On the back cover of the first book he wrote, The Faith of a Heretic, Ian tells some of his own story:
Ian Edwards was educated at North Bankstown Public School, Canterbury High School, The Scots College and the University of Sydney where he learned more than most undergraduates by taking an abnormally long time to graduate Bachelor of Arts, majoring in Philosophy.
He has worked as a social worker, a school teacher, a librarian and a taxi driver, and had aspirations to the Anglican priesthood for which his parish priest quite rightly declined to recommend him.’
Ian was an involved member of the Glebe Society for more than 30 years, and much of his life in Glebe can be ascertained from its Bulletin. I am grateful to Lyn Milton, the Society’s archivist, for indexing all past issues.
As early as 1987 he was a member of the Management Committee, where for some time he provided prompt (and cost saving) hand delivery of minutes, agendas, and other papers to members of this Committee.
He had been Convenor of the Foreshore Walk and Cycleway Committee, and the Bays and Foreshores Committee; he was involved in the Playreading Group, the History Group, and the Book Club; he answered inquiries from people wanting information about ancestors who had lived in Glebe, and he had arranged regular Sunday lunches for Society members at Glebe eating houses.
His short pieces for the Bulletin and letters to the editor (of both the Bulletin and the SMH) tackled community problems such as children’s recreational needs, parking meters, state planning control, street lighting, the Glebe police and Walk against Want. He was a long-standing and valued member of the Glebe branch of OM:NI (Older Men: New Ideas), of which he said in 2006 that:
‘This organisation won’t endow you with any godlike attributes of omnipotence or omniscience or transport you as in an omnibus, but if you are a male aged 50 years or more it could be just what you are looking for.’
Keith Foster, a member of OM:NI, wrote of Ian that his
life was not easy, due to long-term depression, he made the best of it without complaint. His failing health did not deter him from contributing to our discussions and his atheism was regularly and forcefully raised.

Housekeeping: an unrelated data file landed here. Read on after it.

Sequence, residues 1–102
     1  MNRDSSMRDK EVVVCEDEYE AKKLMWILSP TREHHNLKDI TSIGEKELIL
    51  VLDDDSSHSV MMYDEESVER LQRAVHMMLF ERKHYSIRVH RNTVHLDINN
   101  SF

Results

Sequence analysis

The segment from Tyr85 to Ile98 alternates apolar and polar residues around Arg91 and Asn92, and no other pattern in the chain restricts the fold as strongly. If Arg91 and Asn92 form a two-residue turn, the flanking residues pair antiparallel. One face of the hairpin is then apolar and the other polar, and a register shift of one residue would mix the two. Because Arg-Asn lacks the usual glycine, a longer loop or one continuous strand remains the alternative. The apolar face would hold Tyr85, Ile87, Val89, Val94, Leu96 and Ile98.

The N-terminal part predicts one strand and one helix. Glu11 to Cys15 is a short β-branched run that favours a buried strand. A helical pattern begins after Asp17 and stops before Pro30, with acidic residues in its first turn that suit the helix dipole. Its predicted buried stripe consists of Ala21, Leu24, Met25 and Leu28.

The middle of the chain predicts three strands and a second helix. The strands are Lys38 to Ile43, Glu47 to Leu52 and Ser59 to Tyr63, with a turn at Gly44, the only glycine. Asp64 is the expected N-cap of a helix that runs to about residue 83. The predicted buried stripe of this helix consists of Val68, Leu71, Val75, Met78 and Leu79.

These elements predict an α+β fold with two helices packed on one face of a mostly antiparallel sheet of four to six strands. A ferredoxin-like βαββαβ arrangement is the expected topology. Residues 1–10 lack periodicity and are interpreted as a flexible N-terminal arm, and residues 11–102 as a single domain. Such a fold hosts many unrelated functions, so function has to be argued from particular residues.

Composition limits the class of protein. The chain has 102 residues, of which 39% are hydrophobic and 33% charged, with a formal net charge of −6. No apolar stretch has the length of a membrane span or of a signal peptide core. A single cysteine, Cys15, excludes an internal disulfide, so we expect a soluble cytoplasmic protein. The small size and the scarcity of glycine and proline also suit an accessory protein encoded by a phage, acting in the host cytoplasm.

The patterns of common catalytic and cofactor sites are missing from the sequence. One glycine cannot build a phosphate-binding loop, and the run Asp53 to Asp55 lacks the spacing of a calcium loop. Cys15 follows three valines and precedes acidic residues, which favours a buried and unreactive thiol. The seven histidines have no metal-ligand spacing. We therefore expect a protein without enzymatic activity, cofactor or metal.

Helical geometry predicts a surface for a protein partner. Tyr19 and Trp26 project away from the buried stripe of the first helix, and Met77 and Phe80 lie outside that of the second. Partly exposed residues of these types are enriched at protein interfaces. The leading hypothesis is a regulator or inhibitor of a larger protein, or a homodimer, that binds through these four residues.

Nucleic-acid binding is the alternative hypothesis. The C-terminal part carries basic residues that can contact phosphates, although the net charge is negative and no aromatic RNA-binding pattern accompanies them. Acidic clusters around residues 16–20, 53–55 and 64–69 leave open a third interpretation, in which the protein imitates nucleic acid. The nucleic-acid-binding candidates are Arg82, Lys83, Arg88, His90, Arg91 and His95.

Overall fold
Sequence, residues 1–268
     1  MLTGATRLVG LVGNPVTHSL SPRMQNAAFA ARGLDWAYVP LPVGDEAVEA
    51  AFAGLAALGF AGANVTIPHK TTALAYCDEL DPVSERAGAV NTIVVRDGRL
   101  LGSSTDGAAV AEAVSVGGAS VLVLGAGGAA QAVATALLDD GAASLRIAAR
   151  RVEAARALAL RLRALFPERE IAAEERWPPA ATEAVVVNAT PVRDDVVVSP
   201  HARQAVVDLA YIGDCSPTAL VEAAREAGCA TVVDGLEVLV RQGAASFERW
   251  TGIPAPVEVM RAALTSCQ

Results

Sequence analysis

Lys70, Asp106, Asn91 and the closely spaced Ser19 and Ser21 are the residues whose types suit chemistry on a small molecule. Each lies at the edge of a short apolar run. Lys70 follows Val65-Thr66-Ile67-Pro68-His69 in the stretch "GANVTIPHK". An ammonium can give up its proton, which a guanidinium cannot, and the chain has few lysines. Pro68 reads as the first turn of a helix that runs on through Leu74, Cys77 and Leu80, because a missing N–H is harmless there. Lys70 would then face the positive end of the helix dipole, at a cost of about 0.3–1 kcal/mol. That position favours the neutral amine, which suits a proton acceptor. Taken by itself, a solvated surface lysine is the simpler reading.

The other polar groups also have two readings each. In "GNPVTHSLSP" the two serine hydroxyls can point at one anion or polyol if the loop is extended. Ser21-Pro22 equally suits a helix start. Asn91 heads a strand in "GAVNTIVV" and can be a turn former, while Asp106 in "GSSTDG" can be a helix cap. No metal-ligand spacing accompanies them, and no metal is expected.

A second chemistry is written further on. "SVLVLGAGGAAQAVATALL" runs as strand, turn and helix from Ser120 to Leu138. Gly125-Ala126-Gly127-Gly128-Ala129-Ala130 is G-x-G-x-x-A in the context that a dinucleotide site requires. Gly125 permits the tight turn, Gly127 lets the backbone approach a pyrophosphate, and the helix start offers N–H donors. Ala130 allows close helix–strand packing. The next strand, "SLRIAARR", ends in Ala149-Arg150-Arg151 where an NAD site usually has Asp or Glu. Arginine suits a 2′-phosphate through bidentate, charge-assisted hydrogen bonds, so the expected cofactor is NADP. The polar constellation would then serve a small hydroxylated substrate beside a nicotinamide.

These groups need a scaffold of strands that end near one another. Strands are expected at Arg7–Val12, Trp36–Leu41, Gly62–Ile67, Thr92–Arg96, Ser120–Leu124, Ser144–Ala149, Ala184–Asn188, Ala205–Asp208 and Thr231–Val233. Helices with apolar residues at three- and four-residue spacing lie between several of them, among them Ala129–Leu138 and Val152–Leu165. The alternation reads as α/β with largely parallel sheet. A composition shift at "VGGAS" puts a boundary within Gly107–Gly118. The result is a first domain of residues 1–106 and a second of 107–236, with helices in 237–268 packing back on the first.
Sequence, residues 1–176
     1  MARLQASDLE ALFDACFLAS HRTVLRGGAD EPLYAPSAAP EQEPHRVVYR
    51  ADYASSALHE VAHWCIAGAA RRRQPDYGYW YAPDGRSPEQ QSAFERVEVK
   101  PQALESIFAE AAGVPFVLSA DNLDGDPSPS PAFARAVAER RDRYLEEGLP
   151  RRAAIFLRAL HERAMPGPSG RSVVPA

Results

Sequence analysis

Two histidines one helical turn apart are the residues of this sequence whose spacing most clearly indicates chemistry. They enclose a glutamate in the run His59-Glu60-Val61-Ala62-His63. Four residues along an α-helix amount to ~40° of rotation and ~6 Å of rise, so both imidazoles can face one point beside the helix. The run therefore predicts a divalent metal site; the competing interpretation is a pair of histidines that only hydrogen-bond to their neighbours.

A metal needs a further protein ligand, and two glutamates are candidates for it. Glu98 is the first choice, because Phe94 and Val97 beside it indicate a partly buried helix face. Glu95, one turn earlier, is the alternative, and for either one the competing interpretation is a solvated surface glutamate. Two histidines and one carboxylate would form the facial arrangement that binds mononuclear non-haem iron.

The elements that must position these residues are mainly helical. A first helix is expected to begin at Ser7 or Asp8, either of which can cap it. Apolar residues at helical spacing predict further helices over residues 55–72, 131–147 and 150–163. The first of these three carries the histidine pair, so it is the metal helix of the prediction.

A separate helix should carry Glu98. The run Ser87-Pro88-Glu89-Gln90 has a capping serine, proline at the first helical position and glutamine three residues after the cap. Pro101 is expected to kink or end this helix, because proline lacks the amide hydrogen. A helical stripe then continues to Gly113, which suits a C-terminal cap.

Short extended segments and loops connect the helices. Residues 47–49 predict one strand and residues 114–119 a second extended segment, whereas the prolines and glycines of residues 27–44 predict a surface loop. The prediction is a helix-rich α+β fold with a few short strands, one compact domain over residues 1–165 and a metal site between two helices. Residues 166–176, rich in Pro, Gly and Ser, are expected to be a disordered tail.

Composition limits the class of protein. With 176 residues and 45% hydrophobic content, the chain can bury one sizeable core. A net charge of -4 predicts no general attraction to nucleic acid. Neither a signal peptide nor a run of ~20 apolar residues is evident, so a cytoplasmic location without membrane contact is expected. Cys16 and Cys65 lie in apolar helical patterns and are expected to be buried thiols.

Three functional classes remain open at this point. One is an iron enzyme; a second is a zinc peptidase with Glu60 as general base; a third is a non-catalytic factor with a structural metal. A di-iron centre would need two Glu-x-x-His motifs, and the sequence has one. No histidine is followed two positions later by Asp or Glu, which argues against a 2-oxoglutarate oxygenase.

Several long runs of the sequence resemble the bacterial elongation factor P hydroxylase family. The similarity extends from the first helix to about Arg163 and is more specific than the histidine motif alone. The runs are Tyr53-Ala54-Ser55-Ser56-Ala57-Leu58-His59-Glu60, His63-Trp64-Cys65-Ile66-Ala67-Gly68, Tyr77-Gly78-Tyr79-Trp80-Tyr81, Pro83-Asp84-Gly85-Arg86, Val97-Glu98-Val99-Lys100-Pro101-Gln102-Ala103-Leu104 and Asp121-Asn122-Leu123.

His time at Sydney University was formative, and he was very proud of the part it played in making him the man he was – a man with strong opinions and concern for the future of the planet.
His interests were wide and his longer articles for the Bulletin are well written, well researched and full of detail. They include Sustainability: Australia should take the lead (3/2008); It’s not too late, his personal reaction to the film An Inconvenient Truth (8/2006); the Society’s involvement in the Battle of the Expressways (10/2004); in Two Glebes …? Ian shared his perceptions on the social divisions in Glebe noting that ‘perhaps we should all try to be more aware of the problems and needs of the more disadvantaged members of our community’ (2/2013); he wrote a detailed piece on Sir Douglas Mawson, in the Who Lived in your street? series (3/2005), and a comprehensive review of Tony Larkum’s book A Natural Calling: Life, Letters and Diaries of Charles Darwin and William Darwin Fox (1/2010); he wrote many times on the Master Plan for the Bays Precinct, including The price of amenity is eternal vigilance (5/1998); in the special Anzac Centenary issue he wrote meaningfully on The Meaning of Anzac (3/2015); though hardly a sporting man he produced a piece on Some Glebe Cricketers; (2/2016).
In March 2017, his article on Jack Mundey, The NSW BLF and the Battle for Sydney (3/2017) finished with a verse of the 1973 union song by Seamus Gill and Denis Kevans:
Under concrete and glass, Sydney’s disappearing fast
It’s all gone for profit and for plunder,
Though we’d really like to stay, they are driving us away,
And across the western suburbs we must wander.